unfortunately fading. Unfair and misinformed criticisms against the Judiciary, if
not responded to or clarified immediately, will undermine trust in the long term
and open the way for measures that may affect judicial independence.

7. To maintain trust in the Judiciary and to prevent unreasonable attacks on


judges, the Law Society has taken it as its duty to clarify misunderstandings and
unfair criticisms at the first available opportunity. It is important that the Law
Society remains a professional body and not some pseudo political party. It is only
by maintaining its apolitical stance that the Law Society’s views, and hence our
members’ interests, can be taken onboard by all our stakeholders.

8. Needless to say, our legal profession and the Judiciary need to improve
continuously. The technological challenge brought about by COVID-19 is a prime
example. Factors relating to the operations of the Judiciary, which might influence
the level of confidence, include, for example, the outcome of a case, the reasoning
of the judgment, the proceedings as well as how the parties to the proceedings are
treated by members of the Judiciary.

9. We also need to learn how to engage with the public. There is no point in
telling the public that they should not express their views on judges and judgments
simply based on the outcome. It is only natural and human. Rather, the duty rests
on us as professionals to explain clearly to the public the correct legal principles
and procedures. Disengagement is not an answer. The Law Society and our
members can and will certainly engage with the public meaningfully.

10. In the international arena, the Law Society also sees it to be its duty to explain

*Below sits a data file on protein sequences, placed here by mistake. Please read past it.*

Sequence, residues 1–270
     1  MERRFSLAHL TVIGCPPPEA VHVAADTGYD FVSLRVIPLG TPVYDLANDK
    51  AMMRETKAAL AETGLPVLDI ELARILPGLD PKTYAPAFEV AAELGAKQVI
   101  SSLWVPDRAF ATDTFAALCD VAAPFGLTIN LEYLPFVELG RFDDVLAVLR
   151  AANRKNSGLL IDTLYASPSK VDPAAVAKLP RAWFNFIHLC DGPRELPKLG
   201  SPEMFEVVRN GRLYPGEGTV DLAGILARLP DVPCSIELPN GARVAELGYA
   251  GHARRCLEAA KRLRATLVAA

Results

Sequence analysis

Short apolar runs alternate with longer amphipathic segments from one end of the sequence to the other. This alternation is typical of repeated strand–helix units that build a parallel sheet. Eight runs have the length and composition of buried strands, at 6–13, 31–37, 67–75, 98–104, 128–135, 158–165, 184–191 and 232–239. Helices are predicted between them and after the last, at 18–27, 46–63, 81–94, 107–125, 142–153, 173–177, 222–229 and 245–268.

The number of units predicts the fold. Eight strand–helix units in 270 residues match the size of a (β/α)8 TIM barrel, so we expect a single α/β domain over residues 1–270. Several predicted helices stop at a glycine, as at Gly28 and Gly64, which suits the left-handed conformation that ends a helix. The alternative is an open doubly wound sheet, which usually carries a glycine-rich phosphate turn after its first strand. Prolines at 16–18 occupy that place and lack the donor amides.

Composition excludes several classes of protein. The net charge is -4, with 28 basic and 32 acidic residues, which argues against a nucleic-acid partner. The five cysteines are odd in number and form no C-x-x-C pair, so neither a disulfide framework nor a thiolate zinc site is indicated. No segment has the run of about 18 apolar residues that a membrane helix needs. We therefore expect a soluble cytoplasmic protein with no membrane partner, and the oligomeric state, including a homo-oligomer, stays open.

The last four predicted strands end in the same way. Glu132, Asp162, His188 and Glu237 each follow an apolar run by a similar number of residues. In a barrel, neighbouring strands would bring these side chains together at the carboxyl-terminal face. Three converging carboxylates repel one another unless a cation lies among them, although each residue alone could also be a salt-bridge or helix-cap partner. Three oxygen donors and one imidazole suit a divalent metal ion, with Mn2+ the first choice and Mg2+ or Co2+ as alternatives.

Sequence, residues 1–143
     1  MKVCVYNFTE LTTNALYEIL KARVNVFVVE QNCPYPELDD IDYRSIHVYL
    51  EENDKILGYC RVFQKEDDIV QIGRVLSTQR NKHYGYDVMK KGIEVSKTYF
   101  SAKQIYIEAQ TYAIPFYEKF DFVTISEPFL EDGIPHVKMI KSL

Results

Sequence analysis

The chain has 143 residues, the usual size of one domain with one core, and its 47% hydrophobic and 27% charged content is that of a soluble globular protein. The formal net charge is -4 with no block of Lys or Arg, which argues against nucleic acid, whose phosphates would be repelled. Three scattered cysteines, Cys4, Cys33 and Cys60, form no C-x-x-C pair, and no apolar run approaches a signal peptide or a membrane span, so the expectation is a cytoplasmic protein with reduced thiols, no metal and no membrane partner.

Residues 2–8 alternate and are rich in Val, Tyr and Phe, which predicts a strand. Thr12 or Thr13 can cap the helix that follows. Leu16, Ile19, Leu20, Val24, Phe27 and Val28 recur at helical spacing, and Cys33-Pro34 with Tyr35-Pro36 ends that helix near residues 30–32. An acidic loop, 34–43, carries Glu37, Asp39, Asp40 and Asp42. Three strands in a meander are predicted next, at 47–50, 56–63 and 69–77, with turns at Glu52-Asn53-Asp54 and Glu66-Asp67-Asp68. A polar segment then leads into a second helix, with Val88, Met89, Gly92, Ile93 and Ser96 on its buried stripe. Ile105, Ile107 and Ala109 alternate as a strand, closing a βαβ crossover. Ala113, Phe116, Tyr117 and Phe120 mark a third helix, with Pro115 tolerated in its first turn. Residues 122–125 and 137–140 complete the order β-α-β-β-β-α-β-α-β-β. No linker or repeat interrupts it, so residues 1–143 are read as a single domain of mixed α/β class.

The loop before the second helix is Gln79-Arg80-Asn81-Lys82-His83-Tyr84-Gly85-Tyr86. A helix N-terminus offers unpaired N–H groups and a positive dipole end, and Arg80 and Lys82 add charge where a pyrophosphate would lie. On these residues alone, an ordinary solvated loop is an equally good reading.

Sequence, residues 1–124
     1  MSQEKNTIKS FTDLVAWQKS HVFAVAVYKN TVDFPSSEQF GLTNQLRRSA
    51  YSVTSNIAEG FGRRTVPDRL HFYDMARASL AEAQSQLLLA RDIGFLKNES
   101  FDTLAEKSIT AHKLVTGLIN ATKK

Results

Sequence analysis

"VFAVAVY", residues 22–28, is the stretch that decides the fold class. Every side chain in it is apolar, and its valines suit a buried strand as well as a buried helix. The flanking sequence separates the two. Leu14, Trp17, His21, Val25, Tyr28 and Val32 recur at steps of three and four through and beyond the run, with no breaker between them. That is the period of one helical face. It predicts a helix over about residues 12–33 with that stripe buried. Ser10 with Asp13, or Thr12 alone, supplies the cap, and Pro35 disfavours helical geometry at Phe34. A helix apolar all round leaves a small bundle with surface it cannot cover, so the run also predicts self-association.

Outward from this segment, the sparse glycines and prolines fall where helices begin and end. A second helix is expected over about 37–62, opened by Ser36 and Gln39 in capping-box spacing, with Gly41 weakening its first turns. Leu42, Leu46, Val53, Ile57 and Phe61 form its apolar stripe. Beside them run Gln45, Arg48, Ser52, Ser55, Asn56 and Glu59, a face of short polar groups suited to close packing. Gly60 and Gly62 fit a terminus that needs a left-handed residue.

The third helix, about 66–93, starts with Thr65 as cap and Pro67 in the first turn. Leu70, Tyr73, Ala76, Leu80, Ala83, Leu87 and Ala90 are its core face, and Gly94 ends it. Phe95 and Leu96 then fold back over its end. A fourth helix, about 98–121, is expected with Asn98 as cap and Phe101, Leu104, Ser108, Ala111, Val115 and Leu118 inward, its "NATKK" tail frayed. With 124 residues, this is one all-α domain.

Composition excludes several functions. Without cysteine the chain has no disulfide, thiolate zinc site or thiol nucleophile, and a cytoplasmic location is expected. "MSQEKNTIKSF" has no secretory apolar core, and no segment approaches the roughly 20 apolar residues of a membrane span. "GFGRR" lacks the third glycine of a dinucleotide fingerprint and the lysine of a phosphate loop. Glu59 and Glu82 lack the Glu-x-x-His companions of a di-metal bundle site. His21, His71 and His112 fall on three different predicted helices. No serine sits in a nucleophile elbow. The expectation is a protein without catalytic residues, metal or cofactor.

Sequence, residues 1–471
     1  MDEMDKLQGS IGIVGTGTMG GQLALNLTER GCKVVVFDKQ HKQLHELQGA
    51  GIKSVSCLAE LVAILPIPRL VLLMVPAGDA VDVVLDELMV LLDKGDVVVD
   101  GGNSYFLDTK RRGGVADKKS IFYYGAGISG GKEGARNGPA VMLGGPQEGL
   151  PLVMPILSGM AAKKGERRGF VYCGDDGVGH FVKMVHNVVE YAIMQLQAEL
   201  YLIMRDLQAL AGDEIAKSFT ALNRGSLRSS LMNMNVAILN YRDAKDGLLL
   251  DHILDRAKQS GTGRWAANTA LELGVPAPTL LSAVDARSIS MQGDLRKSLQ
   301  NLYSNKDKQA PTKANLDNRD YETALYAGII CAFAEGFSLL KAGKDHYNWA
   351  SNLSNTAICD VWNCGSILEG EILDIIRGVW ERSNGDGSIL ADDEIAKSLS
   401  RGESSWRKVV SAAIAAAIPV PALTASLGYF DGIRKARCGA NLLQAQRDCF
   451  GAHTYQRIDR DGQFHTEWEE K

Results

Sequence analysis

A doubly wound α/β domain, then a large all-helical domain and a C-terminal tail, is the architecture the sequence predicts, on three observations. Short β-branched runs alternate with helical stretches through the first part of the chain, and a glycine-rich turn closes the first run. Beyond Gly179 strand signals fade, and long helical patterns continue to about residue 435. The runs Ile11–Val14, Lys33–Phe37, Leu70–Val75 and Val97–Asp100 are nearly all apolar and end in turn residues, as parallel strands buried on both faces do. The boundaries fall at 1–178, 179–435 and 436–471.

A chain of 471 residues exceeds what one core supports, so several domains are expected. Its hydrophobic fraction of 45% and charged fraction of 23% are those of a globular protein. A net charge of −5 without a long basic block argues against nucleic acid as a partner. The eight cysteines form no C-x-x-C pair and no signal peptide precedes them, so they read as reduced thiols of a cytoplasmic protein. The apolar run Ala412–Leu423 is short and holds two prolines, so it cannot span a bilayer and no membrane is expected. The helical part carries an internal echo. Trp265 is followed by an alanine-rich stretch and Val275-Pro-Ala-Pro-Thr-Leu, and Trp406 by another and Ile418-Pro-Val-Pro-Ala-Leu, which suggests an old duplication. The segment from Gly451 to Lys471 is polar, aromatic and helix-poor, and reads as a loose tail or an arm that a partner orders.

Hong Kong’s situation fairly and impartially. To begin with, we do not tell our
international friends that a simple exchange with them will risk breaches of the
National Security Law. Such attitude is, to say the least, unhelpful. Constructive
dialogue is the key.

Solidarity

11. I would like to take this precious opportunity to convey my deepest


appreciation to the local and international legal fraternity for the assistance,
support and encouragement unreservedly shared among one another during these
times of adversity. In November 2019, notwithstanding the disruptions arising
from the social unrest, 600 participants from 30 jurisdictions around the world
supported the Law Society and travelled long distances to Hong Kong to attend in
person the LAWASIA Conference jointly organized by the Law Society with
LAWASIA.
12. Another more recent example relates to the media report on judicial
intimidation in early December 2020. In support of the Law Society’s statement
on 7 December condemning the criminal act that threatened judicial independence,
the Commonwealth Lawyers Association acted swiftly and issued a strong
statement on 9 December reiterating the importance of judicial independence and
urged an investigation into the matter by the Hong Kong authorities.

13. We look forward to collaborating closely with the international community


and contributing actively in the global united effort in promoting the rule of law
and access to justice.

Our New Chief Justice

14. This year’s Opening of Legal Year is also special in the sense that we are here
to welcome the appointment of Mr. Justice Andrew Cheung as our new Chief
Justice. The Law Society warmly supports this new appointment and I am
confident that Mr. Justice Cheung is the right leader to lead the Judiciary and our
legal community to brave the challenges ahead.

15. As we enter 2021, I take the opportunity to wish everyone a healthy and
fulfilling year ahead. Thank you.